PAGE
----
Send to

Choose Destination
Epilepsy Behav. 2014 Mar;32:108-13. doi: 10.1016/j.yebeh.2014.01.015. Epub 2014 Feb 13.

Cognitive deficits and emotion regulation strategies in patients with psychogenic nonepileptic seizures: a task-switching study.

Author information

Department of Applied Psychology, The Islamia University of Bahawalpur, Pakistan. Electronic address:
Department of Applied Psychology, The Islamia University of Bahawalpur, Pakistan. Electronic address:


This study examined the task-switching ability and emotion regulation strategies in 72 patients with psychogenic nonepileptic seizures (PNES) and 72 healthy individuals, where participants categorized emotion and age dimensions among faces. Results demonstrated cognitive impairment in terms of the interrupted ability to switch between emotion and nonemotion face categorizations in patients with PNES. In contrast, healthy individuals exhibited efficient switching between these face categorizations. In patients with PNES, there was an asymmetric relationship between emotion and age tasks, while this asymmetry was absent in the healthy group. The results demonstrated that patients with PNES used expressive suppression to regulate their emotions more frequently than the control group. On the other hand, patients with PNES less frequently reappraised their cognitions than healthy individuals. Switching deficits in patients with PNES were positively correlated with expressive suppression but were negatively correlated with cognitive reappraisal. This is the first study demonstrating the presence of switching deficits in terms of inferior cognitive control of emotion in patients with PNES as compared to healthy individuals. The switching deficits are associated with emotion regulation strategies. These findings suggest that emotion regulation strategies are significant markers of switching deficits in patients with PNES.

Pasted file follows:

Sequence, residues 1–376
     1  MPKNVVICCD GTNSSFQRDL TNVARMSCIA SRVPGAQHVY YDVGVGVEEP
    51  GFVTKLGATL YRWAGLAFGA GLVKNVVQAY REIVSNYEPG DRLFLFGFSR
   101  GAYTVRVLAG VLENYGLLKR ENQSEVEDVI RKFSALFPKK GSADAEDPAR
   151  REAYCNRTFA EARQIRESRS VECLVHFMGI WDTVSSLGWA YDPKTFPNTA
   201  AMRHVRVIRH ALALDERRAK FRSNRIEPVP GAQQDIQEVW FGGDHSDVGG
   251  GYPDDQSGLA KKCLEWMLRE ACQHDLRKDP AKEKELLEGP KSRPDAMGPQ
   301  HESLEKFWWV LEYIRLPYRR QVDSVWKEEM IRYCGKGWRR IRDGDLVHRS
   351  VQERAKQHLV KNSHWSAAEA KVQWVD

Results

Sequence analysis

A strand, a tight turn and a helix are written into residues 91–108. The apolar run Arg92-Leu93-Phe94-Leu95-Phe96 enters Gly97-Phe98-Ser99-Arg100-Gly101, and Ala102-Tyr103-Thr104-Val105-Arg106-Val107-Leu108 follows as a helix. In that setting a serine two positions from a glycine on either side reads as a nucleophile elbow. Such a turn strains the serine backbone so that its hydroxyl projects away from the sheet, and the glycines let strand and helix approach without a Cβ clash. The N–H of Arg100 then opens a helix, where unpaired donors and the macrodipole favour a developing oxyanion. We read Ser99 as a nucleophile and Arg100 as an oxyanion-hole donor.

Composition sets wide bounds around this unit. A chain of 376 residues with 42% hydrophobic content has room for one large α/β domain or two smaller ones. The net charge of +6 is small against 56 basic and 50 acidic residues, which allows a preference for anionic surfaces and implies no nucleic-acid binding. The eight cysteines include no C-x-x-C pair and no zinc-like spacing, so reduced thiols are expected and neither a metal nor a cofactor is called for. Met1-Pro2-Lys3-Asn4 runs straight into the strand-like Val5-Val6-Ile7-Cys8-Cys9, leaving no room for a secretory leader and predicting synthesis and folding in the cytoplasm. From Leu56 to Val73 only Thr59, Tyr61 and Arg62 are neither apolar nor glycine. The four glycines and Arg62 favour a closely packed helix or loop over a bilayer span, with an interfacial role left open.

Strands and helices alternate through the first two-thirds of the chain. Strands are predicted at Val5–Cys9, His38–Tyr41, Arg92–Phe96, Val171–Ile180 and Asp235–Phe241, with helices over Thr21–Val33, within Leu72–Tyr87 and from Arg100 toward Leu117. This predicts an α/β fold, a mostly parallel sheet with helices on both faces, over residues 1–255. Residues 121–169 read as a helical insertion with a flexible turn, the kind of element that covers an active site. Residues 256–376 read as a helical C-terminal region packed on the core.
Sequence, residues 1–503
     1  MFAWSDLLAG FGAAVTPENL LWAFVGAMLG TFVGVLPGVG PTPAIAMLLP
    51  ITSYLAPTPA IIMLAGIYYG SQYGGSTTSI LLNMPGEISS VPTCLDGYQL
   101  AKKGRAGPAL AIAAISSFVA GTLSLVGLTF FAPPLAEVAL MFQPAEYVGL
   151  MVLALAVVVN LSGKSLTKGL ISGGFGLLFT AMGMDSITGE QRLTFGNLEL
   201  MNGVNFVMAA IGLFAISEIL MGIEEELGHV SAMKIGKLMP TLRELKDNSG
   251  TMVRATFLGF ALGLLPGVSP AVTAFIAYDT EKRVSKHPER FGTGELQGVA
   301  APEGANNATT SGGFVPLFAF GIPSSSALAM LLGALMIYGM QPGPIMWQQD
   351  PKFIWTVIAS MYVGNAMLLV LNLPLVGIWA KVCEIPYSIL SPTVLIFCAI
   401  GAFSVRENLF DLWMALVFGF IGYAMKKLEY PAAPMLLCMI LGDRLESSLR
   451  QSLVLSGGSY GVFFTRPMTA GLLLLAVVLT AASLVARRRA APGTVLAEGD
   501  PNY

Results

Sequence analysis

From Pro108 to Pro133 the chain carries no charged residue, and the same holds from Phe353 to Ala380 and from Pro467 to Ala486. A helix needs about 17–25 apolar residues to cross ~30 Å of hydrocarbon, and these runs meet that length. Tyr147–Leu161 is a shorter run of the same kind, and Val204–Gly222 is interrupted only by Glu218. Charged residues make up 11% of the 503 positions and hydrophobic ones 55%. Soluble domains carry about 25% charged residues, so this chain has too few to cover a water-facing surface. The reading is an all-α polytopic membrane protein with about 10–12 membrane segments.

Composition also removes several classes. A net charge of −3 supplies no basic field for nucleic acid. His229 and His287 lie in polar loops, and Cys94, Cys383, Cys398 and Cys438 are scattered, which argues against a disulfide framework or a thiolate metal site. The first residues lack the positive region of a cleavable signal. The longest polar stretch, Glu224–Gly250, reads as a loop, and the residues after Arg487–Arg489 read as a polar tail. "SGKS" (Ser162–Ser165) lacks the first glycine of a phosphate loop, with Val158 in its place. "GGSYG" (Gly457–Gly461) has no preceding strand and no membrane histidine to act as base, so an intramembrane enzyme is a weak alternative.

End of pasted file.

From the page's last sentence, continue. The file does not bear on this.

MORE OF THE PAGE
Attention; Cognitive impairment; Cognitive reappraisal; Emotion suppression; Psychogenic nonepileptic seizures

[Indexed for MEDLINE]

Supplemental Content

Full text links

Icon for Elsevier Science
Loading ...
Support Center